One of the best things about turning 60 is that you finally have a bit more time to travel. Perhaps more importantly, with your kids out of the house and building their own lives, you once again have the flexibility to choose where you go and with whom. You can decide to jet off around the world by yourself or you can find a travel partner to explore the world with. The choice is completely yours!
Are you a solo traveler or group explorer? Do you enjoy the independence and freedom of touring without a schedule, free of other people slowing you down? Or do you thrive in a group, where everything is organized for you? As I discovered on my latest Road Scholar adventure, it’s possible to have the best of both worlds.
One of the best things about traveling in your 50s and 60s is that you have the experience to know what you love and the energy to explore the world on your own terms.
There is a well-established stereotype that the older we get the more risk averse we become. On one level, I can understand why this might be the case – when we are young, we have our whole lives to make up for our mistakes. As we get a little older, we simply have more to lose.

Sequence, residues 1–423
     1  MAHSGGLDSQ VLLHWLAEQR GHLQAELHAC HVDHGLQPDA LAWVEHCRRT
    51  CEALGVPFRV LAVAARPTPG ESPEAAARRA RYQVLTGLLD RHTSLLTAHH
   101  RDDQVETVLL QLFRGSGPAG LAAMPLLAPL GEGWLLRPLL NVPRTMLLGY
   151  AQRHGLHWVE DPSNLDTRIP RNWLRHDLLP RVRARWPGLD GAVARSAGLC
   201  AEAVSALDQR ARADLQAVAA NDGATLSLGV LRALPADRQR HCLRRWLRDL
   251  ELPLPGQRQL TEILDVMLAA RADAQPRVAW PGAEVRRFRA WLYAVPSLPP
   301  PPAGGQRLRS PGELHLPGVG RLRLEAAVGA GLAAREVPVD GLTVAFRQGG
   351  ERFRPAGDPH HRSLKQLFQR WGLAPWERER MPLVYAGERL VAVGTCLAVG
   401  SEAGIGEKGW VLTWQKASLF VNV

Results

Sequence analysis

Not too long ago, retirement was a time of relaxation and “aging gracefully.” Well, if playing golf, knitting and reading in your rocking chair is your idea of a good time, more power to you. But, taking it easy is no longer your only option. As we reach retirement age, more boomers than ever are saying no to rocking chairs and yes to rocking and rolling around the world.
At Sixty and Me, we’re on a mission to help women over 60 to make new friends, learn new things and find happiness. Few activities can help you do all three of these more than travel.
Each year, nearly 100,000 adults participate in a Road Scholar educational adventure. The not-for-profit organization, whose mission is the inspire adults to learn, discover and travel, offers 5,500 programs in 150 countries and 50 states. But those figures don’t tell the whole story.
I was recently scanning through my 600 Facebook friends when I realized that less than 10% of them regularly interact with my posts or engage in conversations with me. In total, perhaps only 10-15 people regularly engage in dialogues that demonstrate a deep and meaningful interest in my life, work and passions. I’m not criticizing, by the way. I know how busy life can get. But, it’s still interesting how much we have come to rely on surface-level interactions with the people we care about.